The United States’ first constitution was the Articles of Confederation. It was first developed in 1777, in the midst of the American Revolution. The 13 founding states of the United States of America came to an agreement known as the Articles of Confederation and Perpetual Union. Except for the privileges expressly provided to Congress, each state retains its independence and all other governmental rights.
However, the Second Continental Congress finally agreed to it on November 15, 1777, after much discussion. The Articles of Confederation became effective as a result on March 1, 1781.
The text outlined the “league of friendship” (Perpetual Union) that would be formed between the states. The Congress looked to the Articles for direction as it conducted business during the ratification process, guiding the war effort, engaging in diplomacy with other nations, resolving territorial disputes, and managing ties with Native Americans. After the Articles of Confederation came into force, little in terms of politics changed because ratification essentially did little more than make what the Continental Congress had been doing lawful.
Although it now goes by the name Congress of the Confederation, the majority of Americans still refer to it as the Continental Congress because of how it was still organised.
Delegates found that the restrictions placed on the central government proved it ineffectual at managing the steadily expanding U.S. states as the Confederation Congress intended to do.
Articles of Confederation purpose
The 13 colonies were brought together by the Articles of Confederation to form a loose confederation or alliance. The Articles of Confederation were greatly impacted by this important principle. The concept was that the United States of America needed to be more closely united after having to defend itself against Great Britain in case they had to protect themselves against another attack. They were combined to create a nation with particular interests and objectives rather than 13 autonomous entities.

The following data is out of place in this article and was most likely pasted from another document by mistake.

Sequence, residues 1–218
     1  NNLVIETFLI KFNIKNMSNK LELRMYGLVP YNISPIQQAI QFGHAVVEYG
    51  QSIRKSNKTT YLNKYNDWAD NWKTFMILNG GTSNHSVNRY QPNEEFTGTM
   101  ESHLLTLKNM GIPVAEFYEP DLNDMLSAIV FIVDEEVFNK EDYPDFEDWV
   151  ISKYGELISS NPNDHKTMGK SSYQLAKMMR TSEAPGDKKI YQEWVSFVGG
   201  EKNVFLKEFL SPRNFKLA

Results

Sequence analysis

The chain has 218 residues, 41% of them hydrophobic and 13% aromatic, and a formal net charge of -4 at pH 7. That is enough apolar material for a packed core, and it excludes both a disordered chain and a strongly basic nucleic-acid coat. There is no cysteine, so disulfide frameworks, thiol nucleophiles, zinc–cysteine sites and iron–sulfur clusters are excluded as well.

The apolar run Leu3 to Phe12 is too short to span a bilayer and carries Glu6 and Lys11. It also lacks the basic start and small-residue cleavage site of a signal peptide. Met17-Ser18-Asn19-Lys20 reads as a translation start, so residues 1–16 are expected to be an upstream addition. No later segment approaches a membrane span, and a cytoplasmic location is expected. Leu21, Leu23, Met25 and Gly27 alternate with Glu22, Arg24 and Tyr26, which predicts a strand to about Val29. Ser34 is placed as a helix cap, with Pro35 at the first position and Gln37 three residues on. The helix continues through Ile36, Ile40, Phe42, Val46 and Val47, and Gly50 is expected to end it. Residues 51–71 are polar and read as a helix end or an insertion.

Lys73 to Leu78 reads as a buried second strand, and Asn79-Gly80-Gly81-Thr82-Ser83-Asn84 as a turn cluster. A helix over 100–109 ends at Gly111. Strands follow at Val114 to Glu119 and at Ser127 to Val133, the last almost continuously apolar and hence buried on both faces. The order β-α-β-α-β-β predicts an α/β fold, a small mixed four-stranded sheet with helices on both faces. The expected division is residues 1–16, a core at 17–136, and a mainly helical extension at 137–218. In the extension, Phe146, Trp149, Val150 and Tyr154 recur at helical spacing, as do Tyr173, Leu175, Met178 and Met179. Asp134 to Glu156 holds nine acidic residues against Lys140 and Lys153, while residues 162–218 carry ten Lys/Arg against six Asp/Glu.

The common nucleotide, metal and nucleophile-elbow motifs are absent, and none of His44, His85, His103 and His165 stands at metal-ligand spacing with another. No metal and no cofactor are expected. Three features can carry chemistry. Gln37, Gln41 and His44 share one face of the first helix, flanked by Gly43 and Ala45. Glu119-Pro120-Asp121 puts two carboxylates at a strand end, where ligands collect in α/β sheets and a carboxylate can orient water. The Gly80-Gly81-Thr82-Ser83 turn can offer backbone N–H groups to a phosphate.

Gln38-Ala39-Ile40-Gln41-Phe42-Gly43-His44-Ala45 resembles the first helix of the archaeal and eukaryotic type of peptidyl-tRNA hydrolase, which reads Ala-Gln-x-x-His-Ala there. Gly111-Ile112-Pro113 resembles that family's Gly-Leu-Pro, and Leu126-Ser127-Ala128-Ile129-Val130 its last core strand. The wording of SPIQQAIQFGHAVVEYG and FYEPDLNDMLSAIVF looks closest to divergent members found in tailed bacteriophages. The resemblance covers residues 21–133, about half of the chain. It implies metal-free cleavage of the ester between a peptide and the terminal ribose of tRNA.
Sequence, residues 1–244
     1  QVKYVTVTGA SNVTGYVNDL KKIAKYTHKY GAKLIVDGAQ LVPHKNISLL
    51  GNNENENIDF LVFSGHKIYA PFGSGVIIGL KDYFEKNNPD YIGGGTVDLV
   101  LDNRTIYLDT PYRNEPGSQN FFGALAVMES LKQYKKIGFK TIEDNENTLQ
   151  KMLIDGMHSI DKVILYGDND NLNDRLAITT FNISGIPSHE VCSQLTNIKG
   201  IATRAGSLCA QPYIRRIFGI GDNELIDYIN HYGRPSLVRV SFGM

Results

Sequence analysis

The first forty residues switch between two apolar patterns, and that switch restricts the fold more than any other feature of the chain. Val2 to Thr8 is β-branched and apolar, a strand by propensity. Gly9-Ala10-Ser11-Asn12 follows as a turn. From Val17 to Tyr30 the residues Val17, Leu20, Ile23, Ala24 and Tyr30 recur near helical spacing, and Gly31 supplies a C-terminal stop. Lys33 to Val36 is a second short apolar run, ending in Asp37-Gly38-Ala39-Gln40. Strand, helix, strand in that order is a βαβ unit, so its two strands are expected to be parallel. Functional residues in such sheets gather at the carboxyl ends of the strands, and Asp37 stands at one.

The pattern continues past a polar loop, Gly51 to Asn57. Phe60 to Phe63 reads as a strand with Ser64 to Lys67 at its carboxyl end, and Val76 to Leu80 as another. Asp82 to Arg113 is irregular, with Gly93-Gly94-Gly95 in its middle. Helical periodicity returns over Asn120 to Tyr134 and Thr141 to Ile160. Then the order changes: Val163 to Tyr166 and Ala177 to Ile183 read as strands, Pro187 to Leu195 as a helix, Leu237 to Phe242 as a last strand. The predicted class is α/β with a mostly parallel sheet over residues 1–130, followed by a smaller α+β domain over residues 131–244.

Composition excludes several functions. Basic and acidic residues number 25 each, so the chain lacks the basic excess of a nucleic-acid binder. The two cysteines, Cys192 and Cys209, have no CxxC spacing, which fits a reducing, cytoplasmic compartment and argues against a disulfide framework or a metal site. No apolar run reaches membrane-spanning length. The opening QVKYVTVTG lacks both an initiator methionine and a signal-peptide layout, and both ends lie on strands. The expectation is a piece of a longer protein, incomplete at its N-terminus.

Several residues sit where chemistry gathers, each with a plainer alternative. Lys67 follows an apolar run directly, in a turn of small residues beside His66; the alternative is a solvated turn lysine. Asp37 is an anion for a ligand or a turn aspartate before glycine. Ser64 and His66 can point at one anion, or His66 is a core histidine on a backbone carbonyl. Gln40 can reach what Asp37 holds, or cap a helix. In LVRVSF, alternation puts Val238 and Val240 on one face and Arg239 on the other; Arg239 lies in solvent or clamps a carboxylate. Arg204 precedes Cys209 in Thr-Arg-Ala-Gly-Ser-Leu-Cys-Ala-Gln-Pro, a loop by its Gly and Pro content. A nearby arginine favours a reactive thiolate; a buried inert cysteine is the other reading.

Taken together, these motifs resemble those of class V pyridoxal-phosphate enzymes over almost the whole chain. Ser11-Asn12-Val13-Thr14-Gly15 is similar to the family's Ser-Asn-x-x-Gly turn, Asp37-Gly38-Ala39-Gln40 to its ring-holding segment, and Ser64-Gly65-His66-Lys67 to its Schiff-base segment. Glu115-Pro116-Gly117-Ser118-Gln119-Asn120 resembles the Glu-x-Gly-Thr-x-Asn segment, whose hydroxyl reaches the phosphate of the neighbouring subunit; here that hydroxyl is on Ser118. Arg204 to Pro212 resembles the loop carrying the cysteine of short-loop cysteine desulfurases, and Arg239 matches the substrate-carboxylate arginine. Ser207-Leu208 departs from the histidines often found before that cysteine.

After the American Revolution, the people of the several states wished to unite. They defined the function of the federal government, which also aided in defining the function of the states. The Continental Congress approved the Articles of Confederation on November 15, 1777, and all 13 states confirmed them on March 1, 1781. So, 1781 was the actual date of the Articles of Confederation. They continued up to 1789.
Articles of Confederation timeline
- January 1776: Publication of Article of Confederation and Perpetual Union.
- June 7, 1776: Richard Henry Lee proposes Independence in Congress.
- June 12, 1776: Committee appointed to draft Article of Confederation.
- July 2, 1776: Draft of the Articles submitted to Congress.
- July 4, 1776: the U.S declares Independence.
- November 15, 1777: Congress completes the Articles of Confederation.
- July 9, 1778: Eight among the thirteen states officially ratify the Articles.
- March 1, 1781: The Articles of Confederation take influence (Establishment of the U.S Government)
- September 3, 1783: Signing of the Treaty of Paris.
- January 25, 1787: Shay’s Rebellion
- September 11-14,1786: The Annapolis Convention asked for amending the Article of Confederation
- September 17, 1987: Draft of Constitution submitted to the states for ratification.
Articles of Confederation Summary
The 13 parts that made up the Articles of Confederation were referred to as “articles.” The complete and original wording of the Articles of Confederation should be read. The Articles of Confederation accomplished what? What kind of governance were established by the Articles of Confederation? The details of each article are as follows:
Article 1 of Articles of Confederation
The name of the country would be ”The United States of America.”
Article 2 of Articles of Confederation
Every one of the 13 states would continue to remain autonomous and retain any authority not expressly granted to the federal government by the Articles of Confederation.
Article 3 of Articles of Confederation
States would form a league of friendship so they could aid in defending one another from an attack.
Article 4 of Articles of Confederation
In the United States, people had unrestricted access to interstate travel. Additionally, anyone accused of serious crimes who escaped the state where the offence was committed may be returned there.